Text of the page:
Spiders are generally thought to be freeze avoidant* (e.g. here’s a paper on this), and through the process of accumulating glycols in their blood (i.e., antifreeze), are able to supercool. This means their tissues remain unfrozen at temperatures well below freezing, because they have physiologically adapted via the production of special antifreeze compounds that stops them from turning into ice. It’s a neat trick, and one that is relatively common in the invertebrate world. Of course, supercooling alone doesn’t ensure survival at extremely cold temperatures, and that’s where other adaptations come into play. Spiders will therefore find their way to the relatively insulated subnivean zone, or deep down in soil or leaf-litter. These behavioural adaptations (i.e., selecting overwintering sites), combined with supercooling superpowers, helps them get through the cold seasons. 

For me, I’ll stick to my down jacket, and enjoy how Hydro Quebec helps keep our buildings warm!
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* actually, we don’t know nearly enough about spiders and their overwintering physiology. I should state that I assume most spiders are freeze avoidant, based on the current literature on the topic – there’s a LOT more species to study, though!

Spiderday (#23) – Happy Holidays

SPIDERDAY is finally back – it’s been a few weeks, but the end of the term has been hectic. However, it’s time to catch up on some great Arachnid-themed links from the last little while.

This will also be my last post of 2015, so I’ll also take this opportunity to THANK YOU for reading and commenting on this blog. I also wish everyone a Happy Holidays! Arthropod Ecology will certainly keep on truckin’ in 2016.

Here's looking at you... A close up of an Araneidae, from Insects Unlocked.

Here’s looking at you… A close up of an Araneidae, from Insects Unlocked.

Collectors cards, Arachnid style.

Collectors cards, Arachnid style.

Heating, cooling, and trying to drown Arctic pseudoscorpions

The Beringian Arctic pseudoscorpion is a charming Arachnid, living under rocks near sub-arctic rivers and streams, in primarily unglaciated parts of the Yukon. It has captured my fascinating for years, and the story of its natural history is starting to unfold. However, some fundamentals about the biology of Wyochernes asiaticus remain unknown: as the most northern pseudoscorpion in North America, how does it survive in such cold climates? How is it adapted to frequent flooding that occurs in its primary habitat, next to streams and rivers?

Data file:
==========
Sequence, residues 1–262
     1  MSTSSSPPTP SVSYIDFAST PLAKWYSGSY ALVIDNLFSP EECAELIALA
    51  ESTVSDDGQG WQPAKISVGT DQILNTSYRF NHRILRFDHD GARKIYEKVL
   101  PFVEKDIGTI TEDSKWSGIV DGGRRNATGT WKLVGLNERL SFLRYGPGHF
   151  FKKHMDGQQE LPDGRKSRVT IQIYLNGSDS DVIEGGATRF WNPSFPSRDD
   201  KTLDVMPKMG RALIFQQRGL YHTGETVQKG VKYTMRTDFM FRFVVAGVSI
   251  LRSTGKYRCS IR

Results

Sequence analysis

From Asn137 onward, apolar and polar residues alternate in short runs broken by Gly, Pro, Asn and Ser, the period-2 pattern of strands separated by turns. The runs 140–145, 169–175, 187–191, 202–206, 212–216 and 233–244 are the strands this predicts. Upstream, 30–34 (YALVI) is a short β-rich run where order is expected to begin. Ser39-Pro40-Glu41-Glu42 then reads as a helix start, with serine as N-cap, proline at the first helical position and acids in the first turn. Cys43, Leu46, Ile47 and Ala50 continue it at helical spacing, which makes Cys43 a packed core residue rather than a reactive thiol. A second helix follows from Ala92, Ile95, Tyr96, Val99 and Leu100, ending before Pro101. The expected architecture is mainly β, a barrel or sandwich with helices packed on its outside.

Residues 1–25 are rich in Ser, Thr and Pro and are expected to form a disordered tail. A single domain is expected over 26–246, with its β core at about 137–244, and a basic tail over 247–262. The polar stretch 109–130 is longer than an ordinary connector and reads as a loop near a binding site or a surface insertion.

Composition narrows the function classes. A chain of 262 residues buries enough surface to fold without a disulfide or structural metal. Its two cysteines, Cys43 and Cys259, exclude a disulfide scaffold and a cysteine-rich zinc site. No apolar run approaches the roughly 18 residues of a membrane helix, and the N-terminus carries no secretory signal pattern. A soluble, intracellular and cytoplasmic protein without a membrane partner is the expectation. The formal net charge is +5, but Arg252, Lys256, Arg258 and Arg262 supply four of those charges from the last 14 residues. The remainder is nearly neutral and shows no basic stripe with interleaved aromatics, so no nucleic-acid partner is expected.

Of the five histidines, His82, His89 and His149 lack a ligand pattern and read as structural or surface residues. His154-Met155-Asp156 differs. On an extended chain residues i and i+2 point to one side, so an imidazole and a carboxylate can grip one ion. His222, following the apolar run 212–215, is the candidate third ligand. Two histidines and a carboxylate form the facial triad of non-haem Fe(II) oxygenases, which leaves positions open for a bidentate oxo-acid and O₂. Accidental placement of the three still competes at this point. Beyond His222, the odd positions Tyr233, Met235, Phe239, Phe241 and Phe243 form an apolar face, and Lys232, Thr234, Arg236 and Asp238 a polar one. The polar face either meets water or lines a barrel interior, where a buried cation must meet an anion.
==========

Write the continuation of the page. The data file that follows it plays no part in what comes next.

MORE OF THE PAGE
The Arctic pseudoscorpion, Wyochernes asiaticus

The Arctic pseudoscorpion, Wyochernes asiaticus

Science is a collaborative process, and I teamed up with two thermal biologists to start to answer some of these physiological questions. PhD student Susan Anthony and Prof. Brent Sinclair*, both from Western University in Ontario, came to the Yukon with us last summer, and together we collected pseudoscorpions at Sheep Creek, just north of the Arctic Circle. Part of Susan’s PhD research is about the thermal biology of Arachnids, so Susan and Brent wanted to see what we could learn about Arctic pseudoscorpions. They brought the wee arachnids back to Ontario, and Susan ran a series of experiments, resulting in a recent publication (in Polar Biology).

Susan Anthony and Brent Sinclair, both from Western University.

Susan Anthony and Brent Sinclair, both from Western University.

The experiments may sound a little cruel, but they are the standard approach when studying some of the cold tolerance, thermal biology and physiology of arthropods. Susan heated up and cooled down the critters, and discovered that they can survive up to about 38 degrees Celsius, and down to about -7 degrees Celsius. The upper threshold is relatively low compared to other arthropods, which makes sense since W. asiaticus lives at high latitudes. Because the specimens didn’t survive freezing, we know it’s ‘freeze avoidant’ rather than ‘freeze tolerant’. This is aligns with what we know from many other northern (or southern! i.e, in the Antarctic) arthropods. Presumably the pseudoscorpions adapt to the north by being able to supercool, or perhaps by cryoprotective dehydration,. However, its lower threshold isn’t that low, given the extreme cold winter temperatures in the Yukon. But since our collections were in the mid-summer, this might mean it’s not yet started to adapt, physiologically, for the colder winter conditions.

The next experiments involved immersing the pseudoscorpions in water and seeing how long they survive. This was done because we were very curious to know how these tiny animals might live in habitats that flood frequently. Amazingly, 50 percent of the arachnids survived under water for up to 17 days (!), and after testing with de-oxygenated water, Susan had a similar result: they certainly weren’t relying on oxygen in the water for breathing. Susan did notice, however, that they appeared to have a silvery bubble or ‘film’ around their bodies when immersed so we assume they used this air bubble for breathing during the immersion period, something known from other arachnids.

Sheep Creek, Yukon - a habitat that frequently floods: now we know how the tiny Arachnids survive the flooding!

Sheep Creek, Yukon – a habitat that frequently floods: now we know how the tiny Arachnids survive the flooding!